Definitions of plagiocephaly
At birth, the newborn spends more than 16 hours a day sleeping on his back, on a hard surface. The skull of the infant, during the first weeks of life, is very soft and malleable. The flattening is caused by prolonged periods of sleep on the back and / or sitting position since the head of the baby is rotating on one side. This unilateral position of the head is often related to a birth torticollis which ensures that the child cannot place or keep his head on both sides and that even with the intervention of the parents.
The term "flat head" is more commonly used to define positional plagiocephaly in infants.
Plagiocephaly is defined by the following asymmetries of the skull and according to different degrees of severity: one half of the back head is flatter, with the forehead and the ear more advanced on the same side. The front on the side opposite to the bulging one looks flatter and the eye on that side is smaller than the other. Overall, the head looks like a parallelogram shape when viewed from above.
Another form of flattening of the skull is positional brachycephaly. It is defined by a dish in the center, behind the head, which causes a compensation: the enlargement of the face. The absence of roundness of the back of the head, in some cases, gives in profile view an elevation of the skull in the shape of a point.
In clinical practice, malformation or flattening of the newborn's skull is noticed by parents or diagnosed by physicians and other perinatal care workers. Despite the fact that asymmetries could already begin to be formed from birth. They are usually noticed around the age of 2 to 4 months.
When should I be concerned about a flat head?
The flattening of the skull usually appears around the age of 2 months. The weight of a newborn's head is relatively heavy compared to the rest of his body. The weakness of the neck muscles makes his head tilt to one side or the other when he sleeps. If baby is still sleeping in the same position, the bone behind the ear will gradually flatten.
The more the child has a big head, the less his muscles are able to support it, increasing the risk of a flattening. Preterm babies, boys (they have less energy than girls at this age) and those with a disease that harms development are more susceptible.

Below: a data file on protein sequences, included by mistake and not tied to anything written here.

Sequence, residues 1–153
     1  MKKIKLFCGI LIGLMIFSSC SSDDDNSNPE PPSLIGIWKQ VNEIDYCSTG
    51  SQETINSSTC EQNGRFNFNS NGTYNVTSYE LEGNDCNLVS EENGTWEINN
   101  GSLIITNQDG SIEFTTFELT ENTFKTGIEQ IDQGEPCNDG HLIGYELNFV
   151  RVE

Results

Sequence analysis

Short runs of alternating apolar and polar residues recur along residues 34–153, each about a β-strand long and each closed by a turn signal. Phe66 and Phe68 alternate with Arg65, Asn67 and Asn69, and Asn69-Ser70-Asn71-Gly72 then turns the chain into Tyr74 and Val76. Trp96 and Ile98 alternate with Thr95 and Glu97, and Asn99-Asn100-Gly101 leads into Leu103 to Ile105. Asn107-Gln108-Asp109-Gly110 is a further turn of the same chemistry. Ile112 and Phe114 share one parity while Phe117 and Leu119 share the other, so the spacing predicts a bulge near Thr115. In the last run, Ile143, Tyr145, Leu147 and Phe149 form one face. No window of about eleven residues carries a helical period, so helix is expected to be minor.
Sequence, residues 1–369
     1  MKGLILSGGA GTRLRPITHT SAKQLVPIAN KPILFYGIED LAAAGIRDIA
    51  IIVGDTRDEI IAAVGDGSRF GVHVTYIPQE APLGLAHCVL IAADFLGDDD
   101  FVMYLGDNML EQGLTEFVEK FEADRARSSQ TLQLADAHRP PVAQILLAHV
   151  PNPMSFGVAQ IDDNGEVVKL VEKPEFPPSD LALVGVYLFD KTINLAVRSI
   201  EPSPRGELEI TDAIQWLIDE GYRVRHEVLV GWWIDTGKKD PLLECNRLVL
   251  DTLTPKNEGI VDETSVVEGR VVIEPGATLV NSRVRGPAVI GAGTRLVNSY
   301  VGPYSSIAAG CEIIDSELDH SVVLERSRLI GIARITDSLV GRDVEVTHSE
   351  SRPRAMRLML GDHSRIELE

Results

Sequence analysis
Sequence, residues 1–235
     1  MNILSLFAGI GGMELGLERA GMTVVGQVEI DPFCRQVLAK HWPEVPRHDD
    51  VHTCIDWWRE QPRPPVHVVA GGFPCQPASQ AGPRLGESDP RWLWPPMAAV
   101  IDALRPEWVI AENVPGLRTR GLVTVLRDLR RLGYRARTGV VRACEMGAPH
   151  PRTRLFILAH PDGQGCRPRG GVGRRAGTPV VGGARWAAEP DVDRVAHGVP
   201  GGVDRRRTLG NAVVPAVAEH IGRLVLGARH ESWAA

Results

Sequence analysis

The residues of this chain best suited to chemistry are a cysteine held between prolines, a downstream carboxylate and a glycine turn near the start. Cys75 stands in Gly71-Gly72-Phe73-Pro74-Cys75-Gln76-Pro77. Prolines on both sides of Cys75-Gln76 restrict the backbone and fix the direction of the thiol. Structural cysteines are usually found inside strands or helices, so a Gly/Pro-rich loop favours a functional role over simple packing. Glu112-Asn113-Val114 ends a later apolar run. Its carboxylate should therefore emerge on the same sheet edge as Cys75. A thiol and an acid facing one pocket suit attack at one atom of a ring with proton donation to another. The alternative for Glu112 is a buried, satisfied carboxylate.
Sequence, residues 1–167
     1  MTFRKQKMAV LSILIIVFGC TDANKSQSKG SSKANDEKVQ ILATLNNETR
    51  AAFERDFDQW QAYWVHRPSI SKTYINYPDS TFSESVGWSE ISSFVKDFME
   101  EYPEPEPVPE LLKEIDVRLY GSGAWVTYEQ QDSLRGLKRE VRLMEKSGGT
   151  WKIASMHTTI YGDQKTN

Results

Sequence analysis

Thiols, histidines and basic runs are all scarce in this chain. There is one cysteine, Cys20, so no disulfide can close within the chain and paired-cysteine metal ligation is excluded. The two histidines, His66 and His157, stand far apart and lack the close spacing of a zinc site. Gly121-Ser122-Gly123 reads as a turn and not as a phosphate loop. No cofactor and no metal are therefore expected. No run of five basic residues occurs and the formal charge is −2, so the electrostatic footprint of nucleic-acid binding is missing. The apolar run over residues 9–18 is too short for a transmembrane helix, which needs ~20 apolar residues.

This situation is more common since sleep on the back is the recommended position to prevent sudden infant death. Most often, flattening only appears on one side, but sometimes we see a complete flattening of the back of the head, as if the neck was extended to the top of the head.
The risks are greater when baby often stays in the same position for a long time. This is the case when using a shell that fits the stroller, the car seat, the supermarket basket, etc. The baby does not leave his shell and this immobility leads to a unique sleeping position that may mold the shape of his skull.
Position on the tummy
Should we put baby on the stomach is a question that comes up often. Since the recommendation of "Dodo on the back", the incidence of sudden death of the newborn has decreased by 40% 1 . However, many parents are now worried about placing their child on their stomachs during their waking moments. This lack of time on the stomach can contribute, for example, to earlier motor delays and plagiocephaly. In the long run, this can affect the overall development of the child's ability to learn to catch objects, crawl and crawl, stand and walk.
It is important to start putting baby on his stomach from birth, a few minutes at a time for a total of about an hour a day, and until the age of three months 2 . Babies often complain when placed on their stomachs. The sooner you start after birth and maintain a regular time schedule on your stomach, the more your child can strengthen his neck, trunk and shoulder muscles. Variation of your child's position is very important to help build muscle strength3.
Here are some suggestions to help you place baby on his stomach:
Place baby on his tummy a few minutes after each diaper change. You can have a rolled towel under his arms to raise him a little.
Take a stroll around the house by holding him on your forearm facing the floor. Always keep your arm close to your body;